There are all sorts of over-the-counter treatments for tinnitus. Now, most of these haven’t been shown to have any major statistical significance, and these are what we call the ringing vitamins. A lot of these are B complex vitamins, lipo-flavonoids and things that have antioxidants to help increase the blood flow into the cochlea. And for the vast majority of patients, those may not work. However, certainly patients have tried them anecdotally and have shown some improvement with their ringing. But if you look at what we tend to look at, which is evidence-based medicine, not a whole lot that we can say, “Okay, everybody should be on these tinnitus vitamins or ringing supplements.”
Of all the things that do help, as with most things, these are kind of stress related as well. So in the brain, that hearing center has a real big connection to the stress and anxiety center. And in that brain, some people will get a real big input from the stress center and that hearing center. And so the big problem that a lot of people have with tinnitus is that they’re just not able to habituate. And that’s where most of the studies and most of the treatments are aimed at helping that habituation process. And so there’s classes of antidepressant, antianxiety medications that can help. There’s something called tinnitus retraining therapy, which is a type of cognitive behavioral therapy, which can help the patients habituate to tinnitus. And those things have had some statistical significance in certain studies. So there are certainly things that can be done for tinnitus, but it’s not always a one size fits all.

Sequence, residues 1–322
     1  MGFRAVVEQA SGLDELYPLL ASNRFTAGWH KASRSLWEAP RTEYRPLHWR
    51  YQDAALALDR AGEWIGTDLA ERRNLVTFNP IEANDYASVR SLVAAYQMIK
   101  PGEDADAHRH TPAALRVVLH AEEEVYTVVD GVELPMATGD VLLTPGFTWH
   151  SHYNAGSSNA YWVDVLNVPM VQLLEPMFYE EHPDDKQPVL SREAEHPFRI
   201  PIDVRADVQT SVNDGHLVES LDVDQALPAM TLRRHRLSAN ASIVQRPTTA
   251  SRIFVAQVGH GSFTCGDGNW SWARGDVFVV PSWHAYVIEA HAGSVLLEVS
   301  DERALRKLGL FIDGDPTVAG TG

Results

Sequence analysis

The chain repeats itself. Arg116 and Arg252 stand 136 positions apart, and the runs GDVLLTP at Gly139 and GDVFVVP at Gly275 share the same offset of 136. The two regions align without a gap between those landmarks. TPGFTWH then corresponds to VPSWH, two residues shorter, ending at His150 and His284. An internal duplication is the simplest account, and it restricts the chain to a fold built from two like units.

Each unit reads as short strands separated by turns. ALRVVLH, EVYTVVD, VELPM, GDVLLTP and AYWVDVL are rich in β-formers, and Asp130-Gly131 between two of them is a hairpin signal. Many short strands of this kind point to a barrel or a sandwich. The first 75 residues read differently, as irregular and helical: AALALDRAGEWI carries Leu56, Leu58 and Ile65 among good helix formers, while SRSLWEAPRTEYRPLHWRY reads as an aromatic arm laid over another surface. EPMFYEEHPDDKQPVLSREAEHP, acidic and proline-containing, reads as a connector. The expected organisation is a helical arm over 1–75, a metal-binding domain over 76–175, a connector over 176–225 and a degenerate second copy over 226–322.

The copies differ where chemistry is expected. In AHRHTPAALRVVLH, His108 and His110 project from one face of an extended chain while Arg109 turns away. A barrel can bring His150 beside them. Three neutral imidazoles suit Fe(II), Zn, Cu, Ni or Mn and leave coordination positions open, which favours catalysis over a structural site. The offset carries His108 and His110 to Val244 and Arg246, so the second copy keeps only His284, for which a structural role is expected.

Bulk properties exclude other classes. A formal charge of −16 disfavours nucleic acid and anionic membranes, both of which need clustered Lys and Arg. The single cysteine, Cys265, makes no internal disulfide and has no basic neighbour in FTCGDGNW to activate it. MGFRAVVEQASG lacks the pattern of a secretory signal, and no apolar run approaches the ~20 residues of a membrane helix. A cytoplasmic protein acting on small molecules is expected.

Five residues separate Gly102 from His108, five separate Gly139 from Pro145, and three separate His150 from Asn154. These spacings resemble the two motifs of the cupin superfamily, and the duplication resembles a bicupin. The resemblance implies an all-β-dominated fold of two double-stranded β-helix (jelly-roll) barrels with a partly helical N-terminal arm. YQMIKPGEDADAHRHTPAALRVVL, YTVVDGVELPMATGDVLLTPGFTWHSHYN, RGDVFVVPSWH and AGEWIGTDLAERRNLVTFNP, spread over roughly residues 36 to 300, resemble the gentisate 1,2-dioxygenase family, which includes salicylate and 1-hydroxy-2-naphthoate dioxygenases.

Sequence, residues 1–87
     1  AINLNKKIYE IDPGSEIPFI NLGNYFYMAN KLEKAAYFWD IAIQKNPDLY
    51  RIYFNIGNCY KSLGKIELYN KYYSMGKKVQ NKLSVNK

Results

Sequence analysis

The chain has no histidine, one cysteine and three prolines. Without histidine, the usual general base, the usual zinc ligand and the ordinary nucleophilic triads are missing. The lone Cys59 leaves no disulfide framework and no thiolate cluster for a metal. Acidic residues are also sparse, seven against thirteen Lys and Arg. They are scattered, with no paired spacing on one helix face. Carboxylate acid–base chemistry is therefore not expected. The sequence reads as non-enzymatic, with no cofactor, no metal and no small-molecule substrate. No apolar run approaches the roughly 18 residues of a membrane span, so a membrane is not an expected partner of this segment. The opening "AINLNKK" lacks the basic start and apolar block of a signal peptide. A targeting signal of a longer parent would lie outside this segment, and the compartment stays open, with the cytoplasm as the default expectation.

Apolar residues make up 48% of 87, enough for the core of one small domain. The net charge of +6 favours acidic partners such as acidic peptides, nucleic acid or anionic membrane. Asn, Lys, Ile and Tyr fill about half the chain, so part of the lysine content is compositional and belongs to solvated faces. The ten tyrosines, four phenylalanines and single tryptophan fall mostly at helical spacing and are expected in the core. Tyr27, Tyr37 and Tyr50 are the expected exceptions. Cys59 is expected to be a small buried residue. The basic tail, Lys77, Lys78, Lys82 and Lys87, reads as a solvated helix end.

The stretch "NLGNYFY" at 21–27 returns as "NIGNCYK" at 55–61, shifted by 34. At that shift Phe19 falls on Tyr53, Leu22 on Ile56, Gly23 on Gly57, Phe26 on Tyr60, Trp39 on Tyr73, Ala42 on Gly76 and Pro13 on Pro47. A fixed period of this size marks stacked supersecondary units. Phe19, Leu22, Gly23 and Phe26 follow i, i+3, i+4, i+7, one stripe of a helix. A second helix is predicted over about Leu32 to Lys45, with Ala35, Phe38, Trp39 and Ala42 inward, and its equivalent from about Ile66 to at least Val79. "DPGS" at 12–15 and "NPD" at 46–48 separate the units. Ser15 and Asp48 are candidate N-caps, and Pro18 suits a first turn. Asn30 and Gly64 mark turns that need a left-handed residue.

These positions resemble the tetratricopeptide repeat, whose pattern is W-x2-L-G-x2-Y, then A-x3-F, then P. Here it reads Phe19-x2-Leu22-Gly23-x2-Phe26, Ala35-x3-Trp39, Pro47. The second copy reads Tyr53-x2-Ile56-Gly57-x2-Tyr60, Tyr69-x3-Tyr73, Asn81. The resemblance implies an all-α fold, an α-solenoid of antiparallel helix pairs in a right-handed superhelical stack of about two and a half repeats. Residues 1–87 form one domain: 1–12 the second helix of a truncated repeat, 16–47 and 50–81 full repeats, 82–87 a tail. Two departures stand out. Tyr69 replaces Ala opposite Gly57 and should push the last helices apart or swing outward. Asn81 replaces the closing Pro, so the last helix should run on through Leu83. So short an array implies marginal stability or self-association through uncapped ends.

The other thing is just avoiding certain triggers, right?